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SD14 – HEALTH AND ENVIRONMENTAL QUALITY Background 4.14.1 The JCS contains a framework of policies to support the health and well-being of local communities through provision of appropriate housing, employment opportunities, access to services, walking and cycling routes, green infrastructure, wildlife habitats, and a highquality built and historic environment that is clean, safe and accessible. Policies are also in place to address the possible impacts of development including transport impacts, climate change and flooding. 4.14.2 Within the JCS area, a need for new housing and employment development coincides both with areas of existing high environmental quality and areas that are in need of physical regeneration. Policy SD14 aims to ensure that development does not have any unacceptable impacts on human health or environmental quality, and that where possible it secures benefits. Policy SD14: Health and Environmental Quality 1. High-quality development should protect and seek to improve environmental quality. Development should not create or exacerbate conditions that could impact on human health or cause health inequality. 2. New development must: i. Cause no unacceptable harm to local amenity including the amenity of neighbouring occupants; ii. Result in no unacceptable levels of air, noise, water, light or soil pollution or odour, either alone or cumulatively, with respect to relevant national and EU limit values; iii. Result in no exposure to unacceptable risk from existing or potential sources of pollution. For example, by avoiding placing sensitive uses in locations where national or EU limit values are exceeded, or by incorporating acceptable mitigation measures into development; iv. Incorporate, as appropriate, the investigation and remediation of any land contamination within the site; v. Ensure that any risks associated with land instability are satisfactorily resolved; vi. Take into account the quality and versatility of any agricultural land affected by proposals, recognising that the best agricultural land is a finite resource; vii. Have regard to any areas of tranquillity that are identified in adopted or emerging District plans and neighbourhood plans; viii. Avoid any adverse impact from artificial light on intrinsically dark landscapes. 3. Proposals for development at Strategic Allocations, and other development proposals as appropriate, must be accompanied by a health impact assessment. This policy contributes towards achieving Objectives 4, 6 and 9. Gloucester, Cheltenham and Tewkesbury Joint Core Strategy 2011-2031 Adopted December 2017 74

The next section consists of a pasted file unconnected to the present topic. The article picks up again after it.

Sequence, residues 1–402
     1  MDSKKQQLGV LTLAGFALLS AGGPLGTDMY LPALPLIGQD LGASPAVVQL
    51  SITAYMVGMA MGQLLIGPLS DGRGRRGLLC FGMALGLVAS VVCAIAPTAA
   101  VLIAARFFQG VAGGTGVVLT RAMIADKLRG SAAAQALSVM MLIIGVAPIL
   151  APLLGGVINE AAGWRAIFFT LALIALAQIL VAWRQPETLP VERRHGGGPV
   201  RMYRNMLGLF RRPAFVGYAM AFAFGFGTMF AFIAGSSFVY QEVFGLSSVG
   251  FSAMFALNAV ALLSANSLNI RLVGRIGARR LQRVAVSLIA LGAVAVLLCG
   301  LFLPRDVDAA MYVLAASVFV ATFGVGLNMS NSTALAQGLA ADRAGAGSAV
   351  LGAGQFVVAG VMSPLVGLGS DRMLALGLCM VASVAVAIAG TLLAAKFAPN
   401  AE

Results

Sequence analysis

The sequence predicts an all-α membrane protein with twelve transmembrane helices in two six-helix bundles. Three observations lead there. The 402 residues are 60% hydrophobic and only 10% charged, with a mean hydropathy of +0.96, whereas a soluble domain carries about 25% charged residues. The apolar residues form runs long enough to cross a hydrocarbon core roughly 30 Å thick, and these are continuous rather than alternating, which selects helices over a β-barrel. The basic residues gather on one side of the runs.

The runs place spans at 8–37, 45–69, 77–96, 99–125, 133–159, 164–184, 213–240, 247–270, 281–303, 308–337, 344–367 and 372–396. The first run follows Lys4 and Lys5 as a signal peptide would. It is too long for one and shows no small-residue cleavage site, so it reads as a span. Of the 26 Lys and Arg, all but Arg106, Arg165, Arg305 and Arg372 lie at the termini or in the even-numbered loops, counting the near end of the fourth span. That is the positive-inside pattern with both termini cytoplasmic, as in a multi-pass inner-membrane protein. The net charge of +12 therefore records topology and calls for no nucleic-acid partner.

Explanation 4.14.3 4.14.4 4.14.5 Levels of health deprivation vary across the JCS area (information can be found in the Government’s Index of Multiple Deprivation). Overall levels of deprivation in Cheltenham and Tewkesbury Borough are lower than the English average, while deprivation in Gloucester City is higher than average. However, there are smaller pockets of deprivation across the three districts, revealing health inequality between communities. Sizeable areas of central, northwest and south-east Gloucester are in the most deprived 20% nationally for health, as are smaller pockets in east, west and central Cheltenham and in the south of Tewkesbury town. In all three districts, there is a significant difference between the life expectancy in the least and most deprived areas. There is an increasing body of evidence about the links between planning, health and wellbeing (for example, the Marmot Review 2010). Factors that are considered to impact on our physical and mental health include street layout and connectivity, safety and security, opportunities for social interaction and our ability to cope with extreme weather events. These factors are covered by a range of JCS policies including Policy SD4 and infrastructure policies. There is also a link between poor local environmental quality, poor health and socioeconomic deprivation. Policy SD14 therefore recognises that the quality of the environment around us is an important determinant of human health. Environmental quality includes the quality of soil, air and water and local levels of noise and light. Policy SD14 is also supported by Policy SD10, which encourages proposals that bring empty housing back into residential use and Policy SD11, which encourages improvements to the quality of the existing housing stock. 4.14.6 4.14.7 4.14.8 4.14.9 Delivery The protection and improvement of environmental quality will be achieved through local regeneration initiatives, transport plans and careful development management. Planning conditions and obligations will be used to address risks to environmental quality, secure mitigation measures, and help fund ongoing monitoring and management. Developers will need to demonstrate how their proposals meet the criteria of Policy SD14 through submission of relevant plans and technical reports having regard to national PPG. Specific assessments, such as an assessment of the impact of development on air, noise or light, may be required at the discretion of the Local Planning Authority. District plans will provide detailed policies, as required, for the protection and promotion of human and environmental health, for example specific standards or criteria relating to noise pollution and air quality management. Local authorities will also give consideration to whether there are any areas of tranquillity that ought to be identified and protected through District plans. Environmental protection and public health professionals and enforcement officers will have an important role in ensuring that new development complies with regulatory regimes and supports the delivery of national and local objectives. For example, new development in Air Quality Management Areas should be consistent with local air quality action plans. Applications which may require health impact assessments should first be screened to determine whether it is necessary for a full assessment to take place. Gloucester, Cheltenham and Tewkesbury Joint Core Strategy 2011-2031 Adopted December 2017 75